Written by Ipek Hizar
As a psychologist by training, I`ve been studying the human mind and behavior for the past
years. Based on multiple papers I have been reading, I am aware of the negative effects of
ambiguity and uncertainty on human psychology. Too much ambiguity is linked to stress and
leads to discomfort and there seems to be general agreement among psychologists on
human preference toward environments one can easily make sense of. It was not until I
started working with entrepreneurs that I needed to reconsider my learnings on humans
seeking unambiguous environments.
How could it be true that some people were actively willing to engage with uncertainty?
Initially, I thought that money would be their primary motivation. Nevertheless, I have met so
many entrepreneurs over the years who are passionate about finding solutions to the
pressing challenges we collectively face in today’s world. So there had to be more to it.
Fascinated by this, I signed up for Dr. Jamie Jones’ New Ventures Development class to
walk in the shoes of an entrepreneur for one semester.
Entrepreneurship is not only about starting a business. It is also about navigating in a highly
uncertain environment and de-risking your actions along the way. This is extremely powerful
as this not only applies to being a successful entrepreneur but also to navigating uncertainty
in real-life situations. Also, by providing tangible tools on how to learn in highly uncertain
environments, the lessons of this class help us become lifelong learners.
One of my biggest learnings has been the importance of understanding the problem your
idea is solving, and whose pain point your idea is solving. For me, this is the core principle of
entrepreneurship: thinking out of the box and generating ideas is not enough to be an
entrepreneur, you need to fundamentally understand the environment you want to be
operating in. This is a journey and it is all about learning. Generally speaking, humans are
prone to validating their own concepts through their actions, susceptible to perceiving the
world through heuristics and systematic biases their minds have shaped over time. The
principles I have mentioned help you overcome this problem: You learn to iterate in a highly
uncertain environment by testing your pre-shaped assumptions through validated learning.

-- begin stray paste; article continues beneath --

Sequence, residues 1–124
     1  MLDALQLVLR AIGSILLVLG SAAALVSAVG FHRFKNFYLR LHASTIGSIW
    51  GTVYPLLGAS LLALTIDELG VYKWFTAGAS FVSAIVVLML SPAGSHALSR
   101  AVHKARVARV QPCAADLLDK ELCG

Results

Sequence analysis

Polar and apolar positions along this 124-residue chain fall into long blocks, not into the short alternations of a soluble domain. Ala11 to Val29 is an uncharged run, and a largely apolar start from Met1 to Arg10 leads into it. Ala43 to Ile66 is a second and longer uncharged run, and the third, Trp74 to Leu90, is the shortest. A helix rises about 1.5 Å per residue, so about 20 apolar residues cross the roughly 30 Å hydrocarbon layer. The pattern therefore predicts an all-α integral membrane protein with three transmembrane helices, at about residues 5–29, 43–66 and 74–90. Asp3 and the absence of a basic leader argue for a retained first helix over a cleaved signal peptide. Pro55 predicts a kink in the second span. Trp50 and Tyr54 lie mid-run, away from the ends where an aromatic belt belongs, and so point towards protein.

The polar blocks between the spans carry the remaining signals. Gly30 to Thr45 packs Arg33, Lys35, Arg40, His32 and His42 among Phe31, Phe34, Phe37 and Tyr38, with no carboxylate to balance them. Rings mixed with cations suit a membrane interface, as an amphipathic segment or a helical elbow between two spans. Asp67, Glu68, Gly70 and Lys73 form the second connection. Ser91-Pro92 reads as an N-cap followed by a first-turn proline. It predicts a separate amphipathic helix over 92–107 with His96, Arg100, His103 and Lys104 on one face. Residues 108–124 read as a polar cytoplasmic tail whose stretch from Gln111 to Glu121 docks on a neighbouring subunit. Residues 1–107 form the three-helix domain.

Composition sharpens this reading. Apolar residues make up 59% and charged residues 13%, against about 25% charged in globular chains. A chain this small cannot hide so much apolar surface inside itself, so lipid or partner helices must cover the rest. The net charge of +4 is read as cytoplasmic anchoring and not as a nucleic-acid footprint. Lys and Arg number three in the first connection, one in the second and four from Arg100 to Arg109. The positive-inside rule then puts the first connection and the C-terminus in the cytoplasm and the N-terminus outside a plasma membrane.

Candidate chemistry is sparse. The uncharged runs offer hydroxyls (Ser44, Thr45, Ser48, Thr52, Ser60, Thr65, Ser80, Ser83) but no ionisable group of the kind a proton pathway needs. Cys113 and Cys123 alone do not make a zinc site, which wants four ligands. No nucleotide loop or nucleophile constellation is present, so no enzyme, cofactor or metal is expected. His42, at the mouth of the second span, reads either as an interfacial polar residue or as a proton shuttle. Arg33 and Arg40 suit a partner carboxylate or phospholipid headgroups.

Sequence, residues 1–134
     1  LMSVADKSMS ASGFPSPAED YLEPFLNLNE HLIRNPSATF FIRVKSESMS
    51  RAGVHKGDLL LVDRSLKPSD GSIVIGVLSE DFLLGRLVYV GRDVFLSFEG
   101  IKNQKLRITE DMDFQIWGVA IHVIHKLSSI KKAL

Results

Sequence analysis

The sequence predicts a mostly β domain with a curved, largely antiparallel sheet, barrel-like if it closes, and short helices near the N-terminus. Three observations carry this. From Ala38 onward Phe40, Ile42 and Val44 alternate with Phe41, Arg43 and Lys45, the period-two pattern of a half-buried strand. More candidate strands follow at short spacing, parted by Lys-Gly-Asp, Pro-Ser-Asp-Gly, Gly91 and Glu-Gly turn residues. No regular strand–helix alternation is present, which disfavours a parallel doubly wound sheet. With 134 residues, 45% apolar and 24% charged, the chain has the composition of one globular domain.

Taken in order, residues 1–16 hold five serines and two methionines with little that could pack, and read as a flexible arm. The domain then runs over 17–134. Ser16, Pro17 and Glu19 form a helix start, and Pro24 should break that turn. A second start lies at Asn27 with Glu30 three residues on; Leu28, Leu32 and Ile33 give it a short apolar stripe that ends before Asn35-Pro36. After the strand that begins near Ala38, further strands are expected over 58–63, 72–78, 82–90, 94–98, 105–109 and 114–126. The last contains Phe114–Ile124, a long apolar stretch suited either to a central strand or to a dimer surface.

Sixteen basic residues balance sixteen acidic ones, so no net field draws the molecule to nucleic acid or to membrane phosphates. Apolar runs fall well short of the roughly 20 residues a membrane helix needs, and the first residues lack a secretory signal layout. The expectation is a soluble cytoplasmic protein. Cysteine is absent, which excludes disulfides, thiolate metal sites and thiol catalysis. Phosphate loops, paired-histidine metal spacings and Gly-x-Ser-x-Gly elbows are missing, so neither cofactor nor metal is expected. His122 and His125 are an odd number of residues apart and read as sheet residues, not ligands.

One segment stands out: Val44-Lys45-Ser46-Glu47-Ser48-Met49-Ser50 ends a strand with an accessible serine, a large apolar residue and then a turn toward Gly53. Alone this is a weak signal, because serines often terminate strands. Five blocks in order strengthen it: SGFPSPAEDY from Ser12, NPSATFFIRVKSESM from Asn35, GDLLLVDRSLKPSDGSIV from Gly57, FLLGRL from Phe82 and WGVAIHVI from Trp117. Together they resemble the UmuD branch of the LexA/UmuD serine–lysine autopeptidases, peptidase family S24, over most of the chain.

By designing tests and running these, you learn new things, build on these, and measure
again. This is how you de-risk your business while taking small steps which eventually lead
to long-term success. These strategies prevent you from falling into the trap of your own
biases along the way.
There was another question that I wanted to find answers to while walking in the shoes of an
entrepreneur: What happens if things do not work as initially planned? What happens when I
fail? This is the most exciting part. It turns out that failing is not a bad thing as long as you
learn from it. The sooner you fail, the better you are equipped for your business. You actively
create space for change as you are saving time from repeating things that do not work. To
achieve this, you need to listen to feedback, integrate it into what you already know, and
change fast. Meaningful pivots along the way are necessary as long as they are concluded
from your learnings. Being confronted with the fact that one’s own view could be wrong is not
always easy, but it is an essential skill you need to learn in order to survive as an
What does this all mean and how does it relate to being a lifelong learner? Most of what we
know today will be wrong many years from now. This phenomenon is also referred to as the
half-life of knowledge, which states that any given fact will halve in its validity after some time
has passed. Updating our beliefs when presented with evidence and new arguments is the
most important skill humans will need to obtain in today’s world. This is a prerequisite for
being a lifelong learner. Here is where some of the most important takeaways from this class
come into play. Entrepreneurs provide us with tools on how we could learn while trying to
make sense of the highly uncertain world around us. They teach us how to test our beliefs
along the way and continuously update our knowledge. It is about learning how to shift our
perspective to identify what we are not yet seeing.
Entrepreneurship is not only about starting a business. It is a continuous learning practice. It
is about seeking evidence we can build on, not facts. You will start a whole new learning
journey by attending this class.